How Rooting for a Rival Could Help Your Team

Every college basketball postseason, the year’s best teams in the National Collegiate Athletic Association (NCAA) go head-to-head in the Division I Men’s Basketball Tournament. This event is known as March Madness for a reason — 67 games are packed into just over three weeks and frequent upsets mean that any team could end up taking down a favored powerhouse.

When your team isn’t on the court, you may want to consider cheering for your alma mater’s biggest rival. Although it seems counterintuitive, maybe even like a betrayal, psychological science suggests that a rival team’s success may improve your team’s motivation and performance in the following season.

Competing head-to-head against a rival is already understood to increase motivation and performance by enhancing the psychological importance of the contest. Even when rivals are not guaranteed to face each other, such as in the NCAA basketball tournament, there still seems to be some effect of rival performance on a team. Duke and the University of North Carolina — the biggest rivalry in college basketball — have taken championship titles in close succession three times in the last three decades.

This phenomenon of alternating titles suggests a connection, but little is known about the effect of rivals on team performance outside of direct competition. Researchers Brian Pike and Adam Galinsky of Columbia University and Gavin Kilduff of New York University investigated what they call the “long shadow of rivalry”:

“Rivalry is so powerful,” they describe, “that its effects can leap beyond the confines of head-to-head matches, motivating performance even when rivals are not directly competing.”

Pike, Kilduff, and Galinsky predicted that a rival team’s strong performance would boost a focal team’s own performance outside of direct competition, even in the long-term. They based their prediction on findings from goal-setting research, explaining that specific, ambitious goals are more motivating than ambiguous, less ambitious goals. A rival’s performance may meet this criteria, which could influence a team’s goals and aspirations for future contests against other teams.

The researchers analyzed 34 seasons of NCAA March Madness tournaments (seasons 1979-1980 to 2012-2013), as well as all playoffs for the Big Four professional sports leagues: the National Basketball Association (NBA), the National Football League (NFL), Major League Baseball (MLB), and the National Hockey League (NHL).

For all five sports leagues, the researchers predicted that rival performance in the postseason competition would predict the focal team’s performance the next postseason. They were also interested in whether a rival team’s exceptional performance in one season, namely winning the championship, might have an even bigger impact on the following season’s results.

To determine each NCAA team’s biggest rival, Pike, Kilduff, and Galinsky surveyed sportswriters from all 73 schools’ student newspapers, asking them to report the intensity of rivalry between their home team and all other teams. Combined with surveys of the teams’ players and coaches, the researchers identified each school’s biggest rival.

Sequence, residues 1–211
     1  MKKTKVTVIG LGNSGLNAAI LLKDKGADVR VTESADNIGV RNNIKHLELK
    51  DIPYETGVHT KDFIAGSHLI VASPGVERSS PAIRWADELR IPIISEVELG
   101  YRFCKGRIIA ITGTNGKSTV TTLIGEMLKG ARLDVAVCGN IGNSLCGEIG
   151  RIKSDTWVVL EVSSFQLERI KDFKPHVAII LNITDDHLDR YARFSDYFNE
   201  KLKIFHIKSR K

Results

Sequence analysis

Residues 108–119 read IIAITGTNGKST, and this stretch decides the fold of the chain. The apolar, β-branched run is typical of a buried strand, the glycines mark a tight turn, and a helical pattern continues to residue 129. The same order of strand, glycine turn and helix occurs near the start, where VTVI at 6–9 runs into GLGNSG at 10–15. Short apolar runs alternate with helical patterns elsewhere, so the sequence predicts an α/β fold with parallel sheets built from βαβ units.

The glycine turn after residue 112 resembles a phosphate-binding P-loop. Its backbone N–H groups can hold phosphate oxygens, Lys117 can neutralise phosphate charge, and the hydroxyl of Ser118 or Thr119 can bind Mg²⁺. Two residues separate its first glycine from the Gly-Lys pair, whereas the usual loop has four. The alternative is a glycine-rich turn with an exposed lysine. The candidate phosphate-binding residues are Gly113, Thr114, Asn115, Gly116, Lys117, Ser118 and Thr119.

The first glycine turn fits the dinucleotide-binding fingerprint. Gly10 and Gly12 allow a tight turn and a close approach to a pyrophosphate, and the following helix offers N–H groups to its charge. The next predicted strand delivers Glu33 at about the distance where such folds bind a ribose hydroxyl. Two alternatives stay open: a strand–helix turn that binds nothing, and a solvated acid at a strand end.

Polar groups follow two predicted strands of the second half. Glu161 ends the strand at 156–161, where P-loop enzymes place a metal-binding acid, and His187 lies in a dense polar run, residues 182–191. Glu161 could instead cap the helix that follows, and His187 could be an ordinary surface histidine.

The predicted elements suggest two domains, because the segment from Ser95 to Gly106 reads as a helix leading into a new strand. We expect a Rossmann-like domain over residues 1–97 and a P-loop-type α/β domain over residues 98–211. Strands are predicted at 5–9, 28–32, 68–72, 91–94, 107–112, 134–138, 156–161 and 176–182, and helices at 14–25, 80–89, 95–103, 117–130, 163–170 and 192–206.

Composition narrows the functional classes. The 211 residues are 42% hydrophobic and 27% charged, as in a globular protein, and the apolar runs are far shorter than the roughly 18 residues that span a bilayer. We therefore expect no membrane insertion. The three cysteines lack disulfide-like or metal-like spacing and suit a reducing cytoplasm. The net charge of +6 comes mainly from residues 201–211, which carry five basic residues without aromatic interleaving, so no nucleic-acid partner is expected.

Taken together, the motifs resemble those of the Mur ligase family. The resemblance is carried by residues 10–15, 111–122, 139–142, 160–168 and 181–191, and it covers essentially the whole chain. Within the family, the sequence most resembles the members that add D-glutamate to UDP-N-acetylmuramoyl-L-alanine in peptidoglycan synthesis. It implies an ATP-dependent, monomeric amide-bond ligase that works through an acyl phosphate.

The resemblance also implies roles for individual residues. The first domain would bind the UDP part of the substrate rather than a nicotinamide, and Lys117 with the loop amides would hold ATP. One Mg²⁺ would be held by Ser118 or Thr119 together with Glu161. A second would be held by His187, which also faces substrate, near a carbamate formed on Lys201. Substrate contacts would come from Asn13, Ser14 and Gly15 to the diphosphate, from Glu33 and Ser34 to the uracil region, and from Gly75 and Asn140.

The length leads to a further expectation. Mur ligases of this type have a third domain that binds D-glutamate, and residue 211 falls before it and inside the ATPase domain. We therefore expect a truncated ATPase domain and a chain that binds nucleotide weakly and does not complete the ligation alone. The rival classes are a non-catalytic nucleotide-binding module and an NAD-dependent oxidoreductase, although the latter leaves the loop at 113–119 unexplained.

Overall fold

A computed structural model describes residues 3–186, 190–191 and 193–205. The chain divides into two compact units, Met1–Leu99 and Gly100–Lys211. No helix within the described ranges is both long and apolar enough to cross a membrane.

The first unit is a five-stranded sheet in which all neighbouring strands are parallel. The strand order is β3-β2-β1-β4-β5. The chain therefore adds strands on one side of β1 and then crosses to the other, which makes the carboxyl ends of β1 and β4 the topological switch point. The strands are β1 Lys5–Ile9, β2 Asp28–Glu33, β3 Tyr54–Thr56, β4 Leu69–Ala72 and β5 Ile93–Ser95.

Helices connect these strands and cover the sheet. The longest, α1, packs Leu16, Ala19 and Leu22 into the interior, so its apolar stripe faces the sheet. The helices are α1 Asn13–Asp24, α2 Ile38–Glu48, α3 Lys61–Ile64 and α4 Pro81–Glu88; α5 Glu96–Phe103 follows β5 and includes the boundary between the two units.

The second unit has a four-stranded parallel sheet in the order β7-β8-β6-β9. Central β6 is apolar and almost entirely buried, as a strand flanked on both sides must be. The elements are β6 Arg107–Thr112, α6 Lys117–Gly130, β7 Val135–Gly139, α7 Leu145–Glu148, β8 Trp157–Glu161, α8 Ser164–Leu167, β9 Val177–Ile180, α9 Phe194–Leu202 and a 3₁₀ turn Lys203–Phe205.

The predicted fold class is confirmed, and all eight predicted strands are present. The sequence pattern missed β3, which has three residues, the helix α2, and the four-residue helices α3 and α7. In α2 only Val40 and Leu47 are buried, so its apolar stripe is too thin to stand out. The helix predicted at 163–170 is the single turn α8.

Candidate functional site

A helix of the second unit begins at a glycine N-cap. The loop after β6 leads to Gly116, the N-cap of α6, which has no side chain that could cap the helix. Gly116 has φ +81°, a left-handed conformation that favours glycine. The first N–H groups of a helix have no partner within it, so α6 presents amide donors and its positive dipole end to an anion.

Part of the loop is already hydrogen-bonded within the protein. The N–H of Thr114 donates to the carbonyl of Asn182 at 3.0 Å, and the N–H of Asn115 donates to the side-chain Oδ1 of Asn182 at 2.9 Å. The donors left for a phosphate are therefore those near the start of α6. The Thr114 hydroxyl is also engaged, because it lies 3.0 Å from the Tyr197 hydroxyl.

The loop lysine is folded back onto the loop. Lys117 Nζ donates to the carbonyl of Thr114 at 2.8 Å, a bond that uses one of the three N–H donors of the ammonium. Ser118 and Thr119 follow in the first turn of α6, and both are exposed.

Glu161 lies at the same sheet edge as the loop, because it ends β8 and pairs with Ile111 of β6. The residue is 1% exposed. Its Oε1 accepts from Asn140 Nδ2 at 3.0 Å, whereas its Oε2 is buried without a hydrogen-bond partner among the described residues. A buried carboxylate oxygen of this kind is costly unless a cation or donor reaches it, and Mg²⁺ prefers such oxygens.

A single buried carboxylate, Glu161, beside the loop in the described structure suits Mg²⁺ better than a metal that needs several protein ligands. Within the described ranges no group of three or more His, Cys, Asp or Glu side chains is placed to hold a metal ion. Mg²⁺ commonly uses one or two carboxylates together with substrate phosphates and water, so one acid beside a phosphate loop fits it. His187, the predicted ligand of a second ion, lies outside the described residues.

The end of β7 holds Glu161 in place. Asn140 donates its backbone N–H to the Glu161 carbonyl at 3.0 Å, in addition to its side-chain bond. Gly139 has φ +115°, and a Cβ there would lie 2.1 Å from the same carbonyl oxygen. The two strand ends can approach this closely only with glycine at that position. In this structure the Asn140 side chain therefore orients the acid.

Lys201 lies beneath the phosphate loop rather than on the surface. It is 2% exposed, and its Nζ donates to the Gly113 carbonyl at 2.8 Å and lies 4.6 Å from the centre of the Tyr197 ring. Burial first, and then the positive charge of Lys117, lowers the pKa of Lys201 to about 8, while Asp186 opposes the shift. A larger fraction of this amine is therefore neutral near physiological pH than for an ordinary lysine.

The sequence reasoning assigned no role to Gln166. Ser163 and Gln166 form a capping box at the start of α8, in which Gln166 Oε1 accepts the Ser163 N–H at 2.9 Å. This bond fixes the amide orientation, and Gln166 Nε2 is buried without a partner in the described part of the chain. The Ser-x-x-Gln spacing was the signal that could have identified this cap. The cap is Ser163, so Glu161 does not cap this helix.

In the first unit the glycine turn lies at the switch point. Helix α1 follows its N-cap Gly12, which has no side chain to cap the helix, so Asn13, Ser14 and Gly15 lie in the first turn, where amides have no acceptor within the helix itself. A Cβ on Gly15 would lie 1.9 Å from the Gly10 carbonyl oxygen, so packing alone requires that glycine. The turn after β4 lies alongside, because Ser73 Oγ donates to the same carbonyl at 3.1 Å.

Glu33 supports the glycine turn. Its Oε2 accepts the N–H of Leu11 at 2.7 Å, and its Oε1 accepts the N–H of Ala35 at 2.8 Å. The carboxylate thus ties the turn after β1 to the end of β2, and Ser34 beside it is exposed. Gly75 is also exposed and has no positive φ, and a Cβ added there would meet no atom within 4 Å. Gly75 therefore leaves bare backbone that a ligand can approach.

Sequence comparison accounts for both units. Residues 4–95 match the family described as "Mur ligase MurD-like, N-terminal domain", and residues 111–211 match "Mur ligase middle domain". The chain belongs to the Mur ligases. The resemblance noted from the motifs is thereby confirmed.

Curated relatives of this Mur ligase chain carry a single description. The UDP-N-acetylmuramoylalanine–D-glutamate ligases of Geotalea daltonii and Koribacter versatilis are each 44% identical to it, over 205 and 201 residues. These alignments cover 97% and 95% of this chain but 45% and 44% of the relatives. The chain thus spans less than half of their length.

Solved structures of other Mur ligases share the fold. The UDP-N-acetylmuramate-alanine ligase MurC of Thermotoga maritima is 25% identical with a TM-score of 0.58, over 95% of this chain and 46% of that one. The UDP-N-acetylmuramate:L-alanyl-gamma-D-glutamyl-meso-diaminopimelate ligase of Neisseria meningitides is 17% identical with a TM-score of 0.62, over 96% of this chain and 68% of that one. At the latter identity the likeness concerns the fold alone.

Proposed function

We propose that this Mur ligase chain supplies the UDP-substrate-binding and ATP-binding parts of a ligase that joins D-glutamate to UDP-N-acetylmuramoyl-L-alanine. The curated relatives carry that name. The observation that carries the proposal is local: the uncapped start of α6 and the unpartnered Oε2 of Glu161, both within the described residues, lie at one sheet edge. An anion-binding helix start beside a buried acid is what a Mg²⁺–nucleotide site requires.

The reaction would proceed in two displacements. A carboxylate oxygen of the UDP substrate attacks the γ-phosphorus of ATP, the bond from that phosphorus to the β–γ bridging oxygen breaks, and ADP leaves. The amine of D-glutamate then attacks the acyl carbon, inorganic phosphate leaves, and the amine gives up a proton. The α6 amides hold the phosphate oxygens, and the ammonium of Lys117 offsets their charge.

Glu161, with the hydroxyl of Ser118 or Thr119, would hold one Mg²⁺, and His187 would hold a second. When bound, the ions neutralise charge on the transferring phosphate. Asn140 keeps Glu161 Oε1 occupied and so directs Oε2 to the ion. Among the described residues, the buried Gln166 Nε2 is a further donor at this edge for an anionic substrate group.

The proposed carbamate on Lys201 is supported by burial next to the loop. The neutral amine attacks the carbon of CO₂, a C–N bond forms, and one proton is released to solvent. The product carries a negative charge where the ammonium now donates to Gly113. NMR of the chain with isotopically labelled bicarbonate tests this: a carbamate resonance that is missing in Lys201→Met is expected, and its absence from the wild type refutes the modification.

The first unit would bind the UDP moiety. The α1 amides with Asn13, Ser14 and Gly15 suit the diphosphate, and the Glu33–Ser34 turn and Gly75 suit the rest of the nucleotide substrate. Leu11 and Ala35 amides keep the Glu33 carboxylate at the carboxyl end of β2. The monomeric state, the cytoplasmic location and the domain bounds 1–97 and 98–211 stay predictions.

The researchers scored each team’s performance in a postseason March Madness tournament by assigning 1 point to a team for making the tournament, and 1 point for each win (for a total of 7 possible points for winning the tournament). They then used the same scoring method to measure each team’s performance in the tournament for the subsequent season.

The results showed that rival team performance in one year was strongly and positively associated with a focal team’s performance in the subsequent year. Additionally, there was some evidence that when the rival team won the entire tournament, it was even more motivating for the focal team. Observing all postseason playoff results for the Big Four sports leagues, the researchers found similar results: Previous performance of rivals positively predicted the focal team’s performance in subsequent playoff tournaments.

Postseason championship tournaments for many sports are extremely demanding, presenting salient and specific goals for performing well in and of themselves. Because these tournaments have such a high baseline for performance expectations already, the researchers’ findings demonstrate how powerful rival performance can be for a team. In other words, Pike, Kilduff, and Galinsky provide evidence that seeing a rival do well can add a significant boost to motivation and performance, even when the stakes are already high.

The researchers suggest that future studies should look at how rival performance affects goal-setting, which could explain the mechanism for increasing motivation and performance. In addition, scientists should investigate how a rival’s poor performance affects performance in subsequent postseasons. For instance, watching a rival team lose may be satisfying enough that it actually reduces goal setting and motivation.

Rivalries are a fundamental part of many sports leagues, and they help to fuel fans’ pride and excitement. Understanding the ways in which rivalries can affect teams’ actual performance allows us to understand team interdependence in the long term.

“Their relationship and psychological connection link them together outside of head-to-head contests. Their boats appear to rise and fall together,” Pike, Kilduff, and Galinsky conclude.

Reference

Pike, B.E., Kilduff, G.J., & Galinsky, A.D. (2018). The long shadow of rivalry: Rivalry motivates performance today and tomorrow. Psychological Science. doi:10.1177/0956797617744796

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